On Jul 29 2017, marisa commented on revival: part one: Most of our gardening is playing the long-game & indeed for the patient-hearted. some of our tre[...]


grounded in the ground (& floating in the sea)

On either side of the super favorable Fruit time,
we have had two Leaf times,
which are associated with Water.

water time

So it seems fitting to hit the beach on these days:
collecting seawater for cooking pasta and soups,


collecting seaweed for homemade fertilizer tea,
gathering washed-up fishing ropes for woven carpets,
grabbing driftwood for the playhouse and outdoor shower,
and for swimming, of course.
Lots of swimming.
We love swimming.

And communing with the nautical nature,
including the various mollusks and crustaceans,
and checking in on the storks nesting cliffside.


Their little storklets are really visible when you’re out swimming,
yet less so from the shore where I felt safe using our camera.

Every time we are at the ocean
I think “we should do this more often” and yet, we do.
Since it’s gotten warm, we go about every other day.
Thank goodness. For these mini-vacations.

Because this Fruit time has been a doozy.
We got everything that was ready transplanted
into the Three Sisters Garden in Horta Nova:
29 strawberry popcorn seedlings,
26 hokkaido squash seedlings,
and nine Käferbohnen beans.

(Because of the scale of this project,
and the fact that it is now Ramadan,
we did most of this work under the moonlight,
pulling two very long nights in a row to get it in.
It reminded us of past sculptural projects,
up til stupid-o’clock in the morning
frantically trying to meet a deadline.)

Yet this was more relaxed, more serene,
more of a quiet spiritual time,
as each planting is a prayer, isn’t it?
Asking whoever to please watch over these seedlings.
The Three Sisters planting has always been a sacred planting,
as the Sisters: corn, squash and beans are held as sacred plants,
goddesses, if you will, that provide sustenance and life itself.

I also transplanted the nine chickpeas into the garden,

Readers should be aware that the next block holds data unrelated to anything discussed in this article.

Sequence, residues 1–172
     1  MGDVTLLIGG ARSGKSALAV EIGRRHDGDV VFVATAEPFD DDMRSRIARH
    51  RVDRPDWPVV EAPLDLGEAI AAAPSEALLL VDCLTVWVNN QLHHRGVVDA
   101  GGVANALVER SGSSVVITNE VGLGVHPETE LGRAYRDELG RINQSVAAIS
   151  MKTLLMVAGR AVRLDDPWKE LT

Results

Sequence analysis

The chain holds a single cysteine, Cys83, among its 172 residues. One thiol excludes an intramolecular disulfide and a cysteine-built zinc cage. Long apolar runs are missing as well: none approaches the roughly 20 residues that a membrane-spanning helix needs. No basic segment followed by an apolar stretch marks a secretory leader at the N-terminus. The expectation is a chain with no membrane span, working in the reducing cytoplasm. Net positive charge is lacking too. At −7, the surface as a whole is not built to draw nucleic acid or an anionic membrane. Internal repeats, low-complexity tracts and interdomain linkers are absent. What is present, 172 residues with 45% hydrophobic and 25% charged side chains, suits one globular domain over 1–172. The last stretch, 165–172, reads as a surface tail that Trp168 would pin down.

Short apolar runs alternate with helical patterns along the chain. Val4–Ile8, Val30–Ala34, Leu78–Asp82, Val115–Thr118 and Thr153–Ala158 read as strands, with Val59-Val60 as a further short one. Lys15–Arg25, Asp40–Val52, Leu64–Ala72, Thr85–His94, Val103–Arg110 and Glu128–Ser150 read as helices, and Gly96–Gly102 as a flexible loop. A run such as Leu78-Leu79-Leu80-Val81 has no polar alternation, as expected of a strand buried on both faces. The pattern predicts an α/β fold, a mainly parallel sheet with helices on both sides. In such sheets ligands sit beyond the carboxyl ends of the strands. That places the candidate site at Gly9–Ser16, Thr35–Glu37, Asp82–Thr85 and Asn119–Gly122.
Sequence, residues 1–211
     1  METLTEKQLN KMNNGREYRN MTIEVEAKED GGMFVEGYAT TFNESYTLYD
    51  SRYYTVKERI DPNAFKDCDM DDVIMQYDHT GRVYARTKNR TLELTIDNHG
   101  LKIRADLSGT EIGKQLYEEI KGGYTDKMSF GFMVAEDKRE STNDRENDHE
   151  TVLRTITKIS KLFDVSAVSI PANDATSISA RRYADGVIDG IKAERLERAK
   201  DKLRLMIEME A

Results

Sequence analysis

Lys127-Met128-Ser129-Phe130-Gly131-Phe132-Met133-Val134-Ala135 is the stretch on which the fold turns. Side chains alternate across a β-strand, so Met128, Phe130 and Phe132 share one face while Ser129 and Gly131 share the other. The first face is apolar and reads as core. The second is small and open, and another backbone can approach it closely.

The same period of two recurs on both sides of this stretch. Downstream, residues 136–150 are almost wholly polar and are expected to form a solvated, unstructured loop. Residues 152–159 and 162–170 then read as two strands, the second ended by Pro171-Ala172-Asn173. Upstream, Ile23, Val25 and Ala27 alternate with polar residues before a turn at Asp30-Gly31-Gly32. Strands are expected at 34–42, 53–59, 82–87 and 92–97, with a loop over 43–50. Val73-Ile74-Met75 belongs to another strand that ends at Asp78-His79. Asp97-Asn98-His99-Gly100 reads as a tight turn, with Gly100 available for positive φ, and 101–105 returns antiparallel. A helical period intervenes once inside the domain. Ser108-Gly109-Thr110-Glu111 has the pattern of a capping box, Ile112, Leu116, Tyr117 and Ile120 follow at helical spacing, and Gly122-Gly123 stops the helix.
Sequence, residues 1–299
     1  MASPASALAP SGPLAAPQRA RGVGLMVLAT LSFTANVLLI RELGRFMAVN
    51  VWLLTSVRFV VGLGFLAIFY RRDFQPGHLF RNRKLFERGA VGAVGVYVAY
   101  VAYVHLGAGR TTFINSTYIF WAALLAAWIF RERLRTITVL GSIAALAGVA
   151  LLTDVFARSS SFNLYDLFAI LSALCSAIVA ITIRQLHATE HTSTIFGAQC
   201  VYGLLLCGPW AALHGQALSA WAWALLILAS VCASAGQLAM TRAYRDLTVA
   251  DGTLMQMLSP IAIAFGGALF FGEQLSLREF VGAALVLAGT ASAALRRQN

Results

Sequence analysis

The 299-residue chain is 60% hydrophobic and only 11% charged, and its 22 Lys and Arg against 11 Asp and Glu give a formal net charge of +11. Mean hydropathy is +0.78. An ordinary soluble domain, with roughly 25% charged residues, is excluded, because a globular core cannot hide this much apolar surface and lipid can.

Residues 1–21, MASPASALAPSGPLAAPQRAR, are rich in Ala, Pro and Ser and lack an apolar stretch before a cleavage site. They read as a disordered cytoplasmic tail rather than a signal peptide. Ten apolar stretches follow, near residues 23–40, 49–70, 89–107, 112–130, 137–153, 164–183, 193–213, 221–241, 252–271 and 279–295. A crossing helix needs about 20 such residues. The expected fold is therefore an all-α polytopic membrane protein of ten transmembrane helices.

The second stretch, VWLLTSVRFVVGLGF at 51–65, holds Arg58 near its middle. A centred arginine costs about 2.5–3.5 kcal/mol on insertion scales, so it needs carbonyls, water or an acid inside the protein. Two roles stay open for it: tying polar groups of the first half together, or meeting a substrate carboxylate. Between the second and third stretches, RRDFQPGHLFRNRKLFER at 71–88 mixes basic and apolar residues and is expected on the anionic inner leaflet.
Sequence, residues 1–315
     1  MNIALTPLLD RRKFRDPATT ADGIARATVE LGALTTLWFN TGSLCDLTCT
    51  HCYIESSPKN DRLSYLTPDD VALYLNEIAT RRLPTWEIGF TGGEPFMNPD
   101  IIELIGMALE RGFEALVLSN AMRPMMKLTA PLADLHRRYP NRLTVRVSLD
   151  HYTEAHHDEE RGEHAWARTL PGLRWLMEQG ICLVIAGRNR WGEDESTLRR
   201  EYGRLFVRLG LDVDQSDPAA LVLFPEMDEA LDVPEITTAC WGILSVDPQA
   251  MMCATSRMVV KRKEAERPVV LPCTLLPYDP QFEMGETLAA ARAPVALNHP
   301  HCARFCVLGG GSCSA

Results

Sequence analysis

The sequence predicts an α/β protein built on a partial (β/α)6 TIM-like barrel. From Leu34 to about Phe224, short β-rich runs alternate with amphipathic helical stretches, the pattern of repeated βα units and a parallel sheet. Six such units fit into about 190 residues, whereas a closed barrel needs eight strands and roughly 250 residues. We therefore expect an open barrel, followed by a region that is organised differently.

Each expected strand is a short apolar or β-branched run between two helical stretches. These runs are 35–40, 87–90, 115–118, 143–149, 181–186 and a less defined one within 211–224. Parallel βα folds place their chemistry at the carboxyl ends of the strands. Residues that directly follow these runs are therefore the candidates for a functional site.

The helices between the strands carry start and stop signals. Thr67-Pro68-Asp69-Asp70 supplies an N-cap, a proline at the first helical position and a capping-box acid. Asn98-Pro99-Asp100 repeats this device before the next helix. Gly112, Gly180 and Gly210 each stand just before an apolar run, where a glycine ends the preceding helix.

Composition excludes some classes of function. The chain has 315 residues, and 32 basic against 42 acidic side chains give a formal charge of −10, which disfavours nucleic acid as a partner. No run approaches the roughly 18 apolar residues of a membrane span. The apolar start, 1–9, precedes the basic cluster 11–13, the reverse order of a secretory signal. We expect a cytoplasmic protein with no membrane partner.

because I really love chickpeas, as the legume, yes, but also the plant.
The leaves are unique, the pods very sculptural, the peas so cool.
And I put the two watermelon seedlings in the agave hole near the pond,
and the three golden popcorn seedlings in with the tomatillos.


And although I thought I’d run out of time,
I also got the last two Mexican cucumbers
and four orange bell peppers into the garden.
And planted a few more bush beans,
as the first have begun flowering,
(& successive plantings ensure a longer harvest,
without being inundated with ripe produce all at once).

We also transplanted the three new golden raspberries
to fill in between the two we got at the mercado in April.
We ate the first golden raspberry in the morning while transplanting:
as promised, it is a sweeter, less tart, but very flavorful berry.
We’ve also been sampling the gooseberries,
as a few seem ripe each morning.
Delicious. Great flavor.

And their Portuguese name “Uva Crispa” makes sense
because “uva” are grapes and they really do seem like crisp grapes,
though they grow on a low, thorny bush,
that sends out low branches to reroot.
I accidentally unearthed one runner while weeding this Spring,
and potted it up, thinking to grow it and then gift to friends.
Now that I’ve tasted them,
I am eager to propagate more runners,
and establish a whole gooseberry patch.

But in the meantime,
I think we need a few days off from planting.
And as we have four days of Root time,
we will be taking that break from hole digging.
And harvesting the radish seeds.
And rooting sweet potato sprouts.

Yet Aldi has berry bushes on sale tomorrow morning,
so we might be bringing home more than groceries,
and have a few more holes to dig next week.